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American for-profit institutions and China’s Minban higher education since late 1970s: A comparative perspective

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Abstract:

Like the for-profit institutions in the U. S., China’s Minban (people-run) colleges and universities, a new sector in China’s higher learning, has been thriving and gaining an increasingly larger market share since the implementation of China’s reform and open door policy in 1978. Statistics showed that, by the end of 2007, the overall number of Minban institutions had reached 1521, with 605 acredited degree-granting institutions enrolling 3,496,900 students. However, relevant research concerning the rise and growth of this new sector, and the political environment for development is very limited, either because of the weak research competence of its own, or the insufficient research fund support from the central and local government. Only recently have some scholars begun to turn their attention to its study, but their perspective remains mainly regional rather than international. The current research, however, examines the similarities and differences between American for-profit institutions and China’s Minban higher education since late 1970s in regards to the emergence, development, problems, and prospect of this sector in the years to come. By having comparative analysis, this study seeks to provide significant and practical implication for China’s policy making concerning Minban higher education.

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American For-Profit Institutions, China’s Minban Higher Education
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Association:
Name: 53rd Annual Conference of the Comparative and International Education Society
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MLA Citation:

Xiao, Shanxiang. "American for-profit institutions and China’s Minban higher education since late 1970s: A comparative perspective" Paper presented at the annual meeting of the 53rd Annual Conference of the Comparative and International Education Society, Francis Marion Hotel, Charleston, South Carolina, Mar 22, 2009 <Not Available>. 2014-11-30 <http://citation.allacademic.com/meta/p302264_index.html>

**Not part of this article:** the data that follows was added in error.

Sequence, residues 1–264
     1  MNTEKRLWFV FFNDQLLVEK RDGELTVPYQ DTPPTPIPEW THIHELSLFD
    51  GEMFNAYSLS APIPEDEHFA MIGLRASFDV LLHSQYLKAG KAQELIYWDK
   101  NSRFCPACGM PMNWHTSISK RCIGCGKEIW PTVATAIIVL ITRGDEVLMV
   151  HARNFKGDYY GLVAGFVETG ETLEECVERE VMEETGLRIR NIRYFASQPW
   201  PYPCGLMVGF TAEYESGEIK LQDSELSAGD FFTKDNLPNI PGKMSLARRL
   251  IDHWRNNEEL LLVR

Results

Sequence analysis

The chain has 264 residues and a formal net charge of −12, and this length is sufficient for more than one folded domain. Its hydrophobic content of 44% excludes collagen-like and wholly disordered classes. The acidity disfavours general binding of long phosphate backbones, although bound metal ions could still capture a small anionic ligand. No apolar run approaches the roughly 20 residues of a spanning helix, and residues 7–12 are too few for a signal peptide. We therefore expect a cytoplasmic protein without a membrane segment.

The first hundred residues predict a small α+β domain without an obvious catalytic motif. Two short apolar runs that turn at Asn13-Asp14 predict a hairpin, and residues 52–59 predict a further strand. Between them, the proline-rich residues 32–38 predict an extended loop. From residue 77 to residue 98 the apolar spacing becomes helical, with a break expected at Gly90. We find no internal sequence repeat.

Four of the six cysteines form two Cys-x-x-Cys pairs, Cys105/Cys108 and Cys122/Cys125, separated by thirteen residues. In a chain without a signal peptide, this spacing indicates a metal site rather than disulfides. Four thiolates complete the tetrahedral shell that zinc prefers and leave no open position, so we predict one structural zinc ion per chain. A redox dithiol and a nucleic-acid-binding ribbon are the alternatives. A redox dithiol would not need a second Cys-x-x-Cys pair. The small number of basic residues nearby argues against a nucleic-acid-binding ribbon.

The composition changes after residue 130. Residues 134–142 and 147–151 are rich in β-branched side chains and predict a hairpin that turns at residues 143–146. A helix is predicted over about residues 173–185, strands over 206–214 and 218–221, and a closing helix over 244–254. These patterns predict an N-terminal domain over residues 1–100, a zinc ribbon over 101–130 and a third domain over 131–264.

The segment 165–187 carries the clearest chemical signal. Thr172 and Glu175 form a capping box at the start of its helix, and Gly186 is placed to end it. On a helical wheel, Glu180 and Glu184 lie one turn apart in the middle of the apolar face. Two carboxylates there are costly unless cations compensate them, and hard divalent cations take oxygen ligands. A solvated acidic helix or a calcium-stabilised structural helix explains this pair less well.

APA Citation:

Xiao, S. , 2009-03-22 "American for-profit institutions and China’s Minban higher education since late 1970s: A comparative perspective" Paper presented at the annual meeting of the 53rd Annual Conference of the Comparative and International Education Society, Francis Marion Hotel, Charleston, South Carolina <Not Available>. 2014-11-30 from http://citation.allacademic.com/meta/p302264_index.html

Publication Type: Conference Paper/Unpublished Manuscript
Review Method: Peer Reviewed
Abstract: Like the for-profit institutions in the U. S., China’s Minban (people-run) colleges and universities, a new sector in China’s higher learning, has been thriving and gaining an increasingly larger market share since the implementation of China’s reform and open door policy in 1978. Statistics showed that, by the end of 2007, the overall number of Minban institutions had reached 1521, with 605 acredited degree-granting institutions enrolling 3,496,900 students. However, relevant research concerning the rise and growth of this new sector, and the political environment for development is very limited, either because of the weak research competence of its own, or the insufficient research fund support from the central and local government. Only recently have some scholars begun to turn their attention to its study, but their perspective remains mainly regional rather than international. The current research, however, examines the similarities and differences between American for-profit institutions and China’s Minban higher education since late 1970s in regards to the emergence, development, problems, and prospect of this sector in the years to come. By having comparative analysis, this study seeks to provide significant and practical implication for China’s policy making concerning Minban higher education.


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